Urmila Marak Jul 17 2014

A day in Amritsar: Home to the Golden Temple

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Amritsar is synonymous to the Golden Temple, the holiest Sikh temple, which has been welcoming people from all walks of life and faith since 1604. The majestic structure was gleaming in the October sun and its refection in the holy tank was a sight to behold. It was far better than I had imagined. I stood still just soaking in the grandeur. It exuded an aura that sought reverence.

As I trundled along the temple bare feet with an orange headscarf covering my head, I felt one with the other devotees. We passed through the devout Sikhs taking a holy dip in the tank oblivious to the crowd around; people sitting and meditating; and not to mention the hordes of tourists who were in awe of the structure and clicking pictures away.

The ideal time to visit the temple is during the Palki Sahib ceremony. It is at this event that the Granth Sahib, the holy book of the Sikhs, is taken from Hari Mandir, which is the main shrine, to the sanctum, where it is kept till the next morning. When it is illuminated at night, people say you cannot take off your eyes from the sight. Unfortunately, I had to miss the spectacle as I was visiting the city just for a day.

The temple accommodates devotees, who seek shelter on its premises for free. Rooms are also available for a nominal fee of Rs 50. Around 40,000 pilgrims/ visitors sit together at the Guru-ka-langar or community meal every day. The volunteers varying from rich and poor, come together to make chapatis and dal and serve the devotees, wash the dishes, all without a whimper. Nowhere will you find such camaraderie amidst 40,000 people. It is commendable how the institution of community kitchen initiated by Guru Nanak has been strictly upheld even till today.

I stepped out of the temple and headed straight to quench my thirst with the ubiquitous lassi that Amritsar is known for. My next destination was Jallianwala Bagh, a memorial of great national significance. In the April of 1919, thousands of people came together to celebrate Baisakhi, the Punjabi New Year. As the meeting was in progress, Brigadier-General Dyer came armed with his troops and ordered them to open fire without any warning. As the buildings had narrow entrances, people could hardly escape. The bullet marks evident even today stand testimony to the turning point in India’s freedom struggle. I explored the museum and looked around for an hour or so before heading to my next destination, the Vaishnodevi Mandir, which is a replica of the Vaishnodevi Mandir in Jammu and Kashmir.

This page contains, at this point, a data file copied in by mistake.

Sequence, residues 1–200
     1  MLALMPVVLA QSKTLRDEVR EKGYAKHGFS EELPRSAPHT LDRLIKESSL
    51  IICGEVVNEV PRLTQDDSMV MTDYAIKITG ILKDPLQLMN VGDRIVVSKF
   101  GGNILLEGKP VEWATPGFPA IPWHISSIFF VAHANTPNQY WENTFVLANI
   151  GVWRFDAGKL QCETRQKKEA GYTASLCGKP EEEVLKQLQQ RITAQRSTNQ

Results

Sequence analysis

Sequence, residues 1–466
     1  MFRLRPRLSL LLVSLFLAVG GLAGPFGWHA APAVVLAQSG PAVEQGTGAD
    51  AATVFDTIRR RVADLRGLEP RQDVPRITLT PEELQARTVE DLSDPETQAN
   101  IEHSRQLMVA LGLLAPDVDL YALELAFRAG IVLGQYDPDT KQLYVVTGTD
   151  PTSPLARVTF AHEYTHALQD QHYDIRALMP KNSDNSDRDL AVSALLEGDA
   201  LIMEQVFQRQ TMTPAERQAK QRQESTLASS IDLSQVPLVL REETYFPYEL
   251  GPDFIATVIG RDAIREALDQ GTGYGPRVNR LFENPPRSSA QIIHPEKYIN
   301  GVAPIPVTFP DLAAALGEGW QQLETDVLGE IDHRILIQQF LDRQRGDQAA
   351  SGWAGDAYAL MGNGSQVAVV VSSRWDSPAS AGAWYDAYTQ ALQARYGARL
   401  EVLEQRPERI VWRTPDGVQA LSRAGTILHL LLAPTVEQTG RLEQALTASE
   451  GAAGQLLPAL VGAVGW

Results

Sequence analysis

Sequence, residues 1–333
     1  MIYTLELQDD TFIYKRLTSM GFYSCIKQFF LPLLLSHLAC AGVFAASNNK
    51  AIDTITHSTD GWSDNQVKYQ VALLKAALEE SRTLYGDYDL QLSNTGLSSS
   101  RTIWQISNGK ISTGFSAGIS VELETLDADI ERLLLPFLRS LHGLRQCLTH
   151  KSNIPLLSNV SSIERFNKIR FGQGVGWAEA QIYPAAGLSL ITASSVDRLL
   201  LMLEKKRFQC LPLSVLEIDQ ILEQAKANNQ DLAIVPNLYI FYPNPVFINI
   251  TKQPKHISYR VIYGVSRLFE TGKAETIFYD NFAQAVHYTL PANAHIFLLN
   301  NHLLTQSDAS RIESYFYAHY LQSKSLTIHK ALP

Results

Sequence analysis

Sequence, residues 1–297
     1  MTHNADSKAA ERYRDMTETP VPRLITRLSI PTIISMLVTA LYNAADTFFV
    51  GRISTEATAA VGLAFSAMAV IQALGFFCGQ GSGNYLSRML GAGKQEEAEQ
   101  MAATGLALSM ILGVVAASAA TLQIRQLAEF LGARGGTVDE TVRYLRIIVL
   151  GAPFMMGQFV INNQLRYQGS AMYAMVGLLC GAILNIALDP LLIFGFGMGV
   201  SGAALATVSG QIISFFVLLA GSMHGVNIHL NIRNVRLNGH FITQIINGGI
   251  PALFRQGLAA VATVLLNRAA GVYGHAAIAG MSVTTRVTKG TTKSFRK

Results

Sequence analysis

En route to the Wagah Border, which is about 25 km away from the city, I had a sumptuous lunch at a roadside dhaba. The finger-licking vegetarian fare that I had there is something I always crave for. If you want to catch the border ceremony, head to this place post-noon. You will be there just on time for the beating retreat ceremony between India and Pakistan. Cars or buses are not allowed after a certain point. You will have to walk at least a kilometer to reach the border. Once you are there, it is a scene of chaos; people jostling to get up the stairway to get the best glimpse of the ceremony. Men are supposed to form a separate queue from the women folk. Take care of your camera and wallet, as you will have to move along with the crowd.

The enthusiastic crowd at the beating retreat ceremony in Wagah Border

The enthusiastic crowd at the beating retreat ceremony in Wagah Border

As the ceremony began with chants of ‘Vande Mataram’ and all the patriotic numbers from Bollywood were played, people started swaying to the music. This gave me a sense of solidarity. The ceremony ended with much fanfare, as even schoolchildren from the crowd participated in the event.

On my way back, my cab driver took me to the Kapra Market where I indulged in some retail therapy. You can get the best Amritsari juttis, phoolkari dupattas, suits and bags in the market. A visit to the city is incomplete without filling your bag with these goodies.

Juttis up for sale at the market

Juttis up for sale at the market

This city is also known for its street food. Sample the parathas, Amritsari kulchas, pakoras, sweets and lassi sold in pushcarts. You will leave the place wanting for more.

Where to stay:

There are several budget as well as luxury hotels for tourists. You can try out the Golden Tulip Amritsar (Tariff – Rs. 3,500), HK Clarks Inn (Tariff – Rs. 2,800) and Country Inns and Suites (Tariff – Rs. 2,800). For those of you looking for hotels within Rs. 1,000, you will find them as well. Singh International Hotel (Tariff – Rs. 900), Grace Hotel (Tariff – Rs. 900) and Veenus International Hotel (Tariff – Rs. 800) are some of the options which are worth trying.

Getting There:

Travelling by bus from cities like Delhi, Chandigarh and Patiala is a good option. Buses to Amritsar are available from all these cities. If you have travel plans for the city, look up for your tickets at TicketGoose.com.
The next time you want to visit a temple town, think Amritsar. From visiting the temples to sampling the food and shopping, you will not regret one bit.

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